But he says it is difficult to define hyperpolyglots and polyglots because essentially it has to be about speaking and knowing rather than reading and writing. In some cases literacy is not possible, or a language does not have an alphabet.
So what enables hyperpolyglots to seemingly pick up a new language at the push of a button?
Erard says it is hard to explain, but whatever an individual's biographical reasons are, he believes there is something that distinguishes hyperpolyglots neurologically.
"They have a neurological hardware that responds to the world, that's fed by the world, that is suited to a pattern that is recognition-heavy, sound-heavy and memory-heavy - that is very structured, and also very sociable.
Manuel probably spoke three languages - Basil Fawlty just the one
"They have an ability to switch between languages very easily, and that involves cognitive skills which are often heritable," he adds.
D - Withers thinks formal fluency in his first tongue is key.
" "Withers thinks that fluency in one language allows people to accumulate others more easily.
"Most monoglots in this country aren't really able to explain English in terms such as the perfect past tense and past tense. When you learn about cases and tenses and grammatical formations, I think the tool box is there for other languages," he says." "
D - England's botched attempt at second-language instructions resembles my own failed attempt to learn French in my youth.
"In the UK, where there has been a growing anxiety over the failure to learn additional languages, Gillon might seem to be a bit of an anomaly. More and more children have been giving up languages since the last government made learning foreign languages optional in England from the age of 14...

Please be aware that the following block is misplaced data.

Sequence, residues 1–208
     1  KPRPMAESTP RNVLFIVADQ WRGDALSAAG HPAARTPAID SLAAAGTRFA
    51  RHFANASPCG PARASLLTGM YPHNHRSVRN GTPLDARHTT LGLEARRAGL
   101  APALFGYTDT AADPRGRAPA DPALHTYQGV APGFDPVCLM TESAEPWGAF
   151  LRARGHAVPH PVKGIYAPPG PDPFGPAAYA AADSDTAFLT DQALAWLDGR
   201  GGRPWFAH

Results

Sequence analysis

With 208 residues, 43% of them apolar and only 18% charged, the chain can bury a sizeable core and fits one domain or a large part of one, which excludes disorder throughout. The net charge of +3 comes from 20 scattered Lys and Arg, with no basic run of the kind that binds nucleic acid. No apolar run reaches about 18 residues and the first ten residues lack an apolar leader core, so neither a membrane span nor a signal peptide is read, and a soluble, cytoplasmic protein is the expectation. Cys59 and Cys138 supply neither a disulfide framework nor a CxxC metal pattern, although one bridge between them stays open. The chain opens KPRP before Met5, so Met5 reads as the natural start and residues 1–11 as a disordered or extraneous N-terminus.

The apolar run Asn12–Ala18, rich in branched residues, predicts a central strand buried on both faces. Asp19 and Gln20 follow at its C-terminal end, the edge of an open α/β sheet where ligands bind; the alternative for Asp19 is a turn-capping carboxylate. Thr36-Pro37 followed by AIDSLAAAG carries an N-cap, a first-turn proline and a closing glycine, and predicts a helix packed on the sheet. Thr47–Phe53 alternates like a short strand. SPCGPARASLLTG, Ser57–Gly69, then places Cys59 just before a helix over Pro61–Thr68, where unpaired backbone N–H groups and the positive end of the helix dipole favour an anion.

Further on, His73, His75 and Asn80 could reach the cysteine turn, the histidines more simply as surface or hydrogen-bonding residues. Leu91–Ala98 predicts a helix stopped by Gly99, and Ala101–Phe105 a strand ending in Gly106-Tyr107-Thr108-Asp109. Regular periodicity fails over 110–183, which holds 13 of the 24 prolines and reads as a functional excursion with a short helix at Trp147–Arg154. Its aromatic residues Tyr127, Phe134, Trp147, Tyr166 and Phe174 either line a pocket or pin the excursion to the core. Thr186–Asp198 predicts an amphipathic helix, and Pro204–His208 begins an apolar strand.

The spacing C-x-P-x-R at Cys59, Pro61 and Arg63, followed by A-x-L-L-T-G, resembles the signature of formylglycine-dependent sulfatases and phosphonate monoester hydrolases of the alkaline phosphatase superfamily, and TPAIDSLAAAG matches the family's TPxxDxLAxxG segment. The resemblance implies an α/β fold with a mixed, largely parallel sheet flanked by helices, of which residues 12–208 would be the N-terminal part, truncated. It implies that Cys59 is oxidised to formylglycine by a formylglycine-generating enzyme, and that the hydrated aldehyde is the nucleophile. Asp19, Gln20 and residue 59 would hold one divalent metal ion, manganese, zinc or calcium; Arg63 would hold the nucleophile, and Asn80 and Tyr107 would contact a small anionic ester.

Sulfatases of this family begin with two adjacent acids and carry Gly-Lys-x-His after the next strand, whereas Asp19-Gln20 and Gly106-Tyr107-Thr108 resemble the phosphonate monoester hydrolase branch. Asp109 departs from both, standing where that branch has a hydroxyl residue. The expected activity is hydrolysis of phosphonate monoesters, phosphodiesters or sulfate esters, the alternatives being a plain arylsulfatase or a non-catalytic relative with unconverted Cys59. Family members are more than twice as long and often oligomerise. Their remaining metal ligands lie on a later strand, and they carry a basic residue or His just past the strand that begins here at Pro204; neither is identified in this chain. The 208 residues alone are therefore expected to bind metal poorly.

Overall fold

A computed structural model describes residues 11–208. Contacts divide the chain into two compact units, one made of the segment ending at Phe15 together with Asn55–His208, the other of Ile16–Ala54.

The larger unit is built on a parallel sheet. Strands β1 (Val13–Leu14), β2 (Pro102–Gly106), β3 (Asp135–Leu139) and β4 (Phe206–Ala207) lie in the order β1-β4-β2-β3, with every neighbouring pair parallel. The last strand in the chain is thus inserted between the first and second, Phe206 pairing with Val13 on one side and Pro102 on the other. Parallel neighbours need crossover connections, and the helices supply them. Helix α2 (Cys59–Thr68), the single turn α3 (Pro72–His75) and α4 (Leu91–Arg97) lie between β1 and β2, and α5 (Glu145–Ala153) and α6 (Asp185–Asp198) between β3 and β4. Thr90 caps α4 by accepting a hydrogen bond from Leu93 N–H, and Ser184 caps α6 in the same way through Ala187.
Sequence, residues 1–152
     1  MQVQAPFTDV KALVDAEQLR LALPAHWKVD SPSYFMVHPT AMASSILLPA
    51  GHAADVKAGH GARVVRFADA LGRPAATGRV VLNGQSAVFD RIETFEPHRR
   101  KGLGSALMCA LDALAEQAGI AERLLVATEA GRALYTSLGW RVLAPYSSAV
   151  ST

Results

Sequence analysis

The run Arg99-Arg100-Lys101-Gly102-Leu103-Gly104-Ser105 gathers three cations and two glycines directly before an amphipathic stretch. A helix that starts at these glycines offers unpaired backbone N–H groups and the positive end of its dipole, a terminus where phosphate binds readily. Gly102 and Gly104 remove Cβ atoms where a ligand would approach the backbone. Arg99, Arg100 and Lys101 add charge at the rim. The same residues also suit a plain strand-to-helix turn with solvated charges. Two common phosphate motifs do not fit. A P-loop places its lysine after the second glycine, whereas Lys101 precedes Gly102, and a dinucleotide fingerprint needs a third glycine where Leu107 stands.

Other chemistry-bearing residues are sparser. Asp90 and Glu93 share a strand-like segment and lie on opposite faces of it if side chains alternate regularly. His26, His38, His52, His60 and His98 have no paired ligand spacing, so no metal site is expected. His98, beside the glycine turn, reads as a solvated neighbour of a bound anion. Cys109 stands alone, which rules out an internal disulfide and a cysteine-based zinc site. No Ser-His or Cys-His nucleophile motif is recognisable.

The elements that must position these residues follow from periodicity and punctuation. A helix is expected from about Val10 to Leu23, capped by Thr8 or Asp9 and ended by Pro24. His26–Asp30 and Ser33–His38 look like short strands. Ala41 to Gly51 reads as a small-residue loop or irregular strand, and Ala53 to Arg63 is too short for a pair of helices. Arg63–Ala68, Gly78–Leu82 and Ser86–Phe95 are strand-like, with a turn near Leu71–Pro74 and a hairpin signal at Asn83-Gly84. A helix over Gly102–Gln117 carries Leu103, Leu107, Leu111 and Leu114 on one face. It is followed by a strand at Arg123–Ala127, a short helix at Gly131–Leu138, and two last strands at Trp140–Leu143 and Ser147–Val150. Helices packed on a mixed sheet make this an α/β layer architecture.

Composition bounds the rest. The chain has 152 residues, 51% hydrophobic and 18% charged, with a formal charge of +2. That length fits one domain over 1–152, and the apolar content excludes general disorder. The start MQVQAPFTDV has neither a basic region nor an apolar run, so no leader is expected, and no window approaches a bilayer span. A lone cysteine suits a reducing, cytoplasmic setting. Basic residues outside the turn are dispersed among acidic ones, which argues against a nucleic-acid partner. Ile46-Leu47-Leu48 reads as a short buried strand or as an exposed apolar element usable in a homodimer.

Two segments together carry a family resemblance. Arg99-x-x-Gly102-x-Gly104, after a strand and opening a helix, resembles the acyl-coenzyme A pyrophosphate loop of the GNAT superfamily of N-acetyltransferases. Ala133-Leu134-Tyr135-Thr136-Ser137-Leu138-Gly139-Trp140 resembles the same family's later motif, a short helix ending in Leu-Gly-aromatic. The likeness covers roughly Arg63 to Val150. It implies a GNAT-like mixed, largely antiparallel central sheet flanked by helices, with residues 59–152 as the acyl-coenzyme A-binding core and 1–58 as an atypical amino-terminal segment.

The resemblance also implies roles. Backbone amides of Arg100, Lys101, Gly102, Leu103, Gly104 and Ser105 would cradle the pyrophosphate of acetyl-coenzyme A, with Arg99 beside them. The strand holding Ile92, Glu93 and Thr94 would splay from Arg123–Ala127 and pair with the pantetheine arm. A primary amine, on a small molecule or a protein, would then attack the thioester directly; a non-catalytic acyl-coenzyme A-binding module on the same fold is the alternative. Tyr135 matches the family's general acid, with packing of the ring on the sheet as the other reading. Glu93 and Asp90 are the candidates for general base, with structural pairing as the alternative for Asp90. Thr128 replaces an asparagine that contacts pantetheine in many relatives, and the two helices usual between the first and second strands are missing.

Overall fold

"Most people say it's easier to pick up languages when you're younger," says David Green, of University College London, who specialises in bilingualism.
"But people can learn languages at any point in their lives. Being immersed in a language is important. Personality is a contributing factor too - not being able to tolerate feeling foolish from making inevitable errors will make learning a new language a difficult process." "
D - two themes appear here:
1) a mother tongue that is rife with exceptions and irregulars which occupies much of primary school time to master, and
2) the related importance to learn a second language while still a child.
D - I did not encounter French until I moved in Grade 7. By then, I had entered puberty and lost much brain plasticity. That, combined with no mental aptitudes that would help with language would contribute my failure to achieve fluency. I took French from grade 7 to 13 (TWICE!). So in 14 years of sporadic teaching all I did was waste the taxpayer's coin. This is a very common story.
D - now, the aux-lang angle:
1) a good IAL learned second reduces anxiety about learning an additional natural language afterwards
2) the IAL can be bundled with good (and student-customized) language study habits - something I never had
3) there is no cultural group that will inform an IAL student that they are not saying something that is technically correct yet culturally incorrect. I mean a lack of inscrutable and unknowable idiom and jargon.
In the case of Interlingua (and to a degree, Espo), it has direct benefits to learn Romance-derived European languages afterwards. This makes it ideal for an Anglophone to pick those up.
D - one could promote my CVN as a 'gateway language' to Chinese if I tailor the grammar to be compatible.
D - contrast the England example with the Australian one.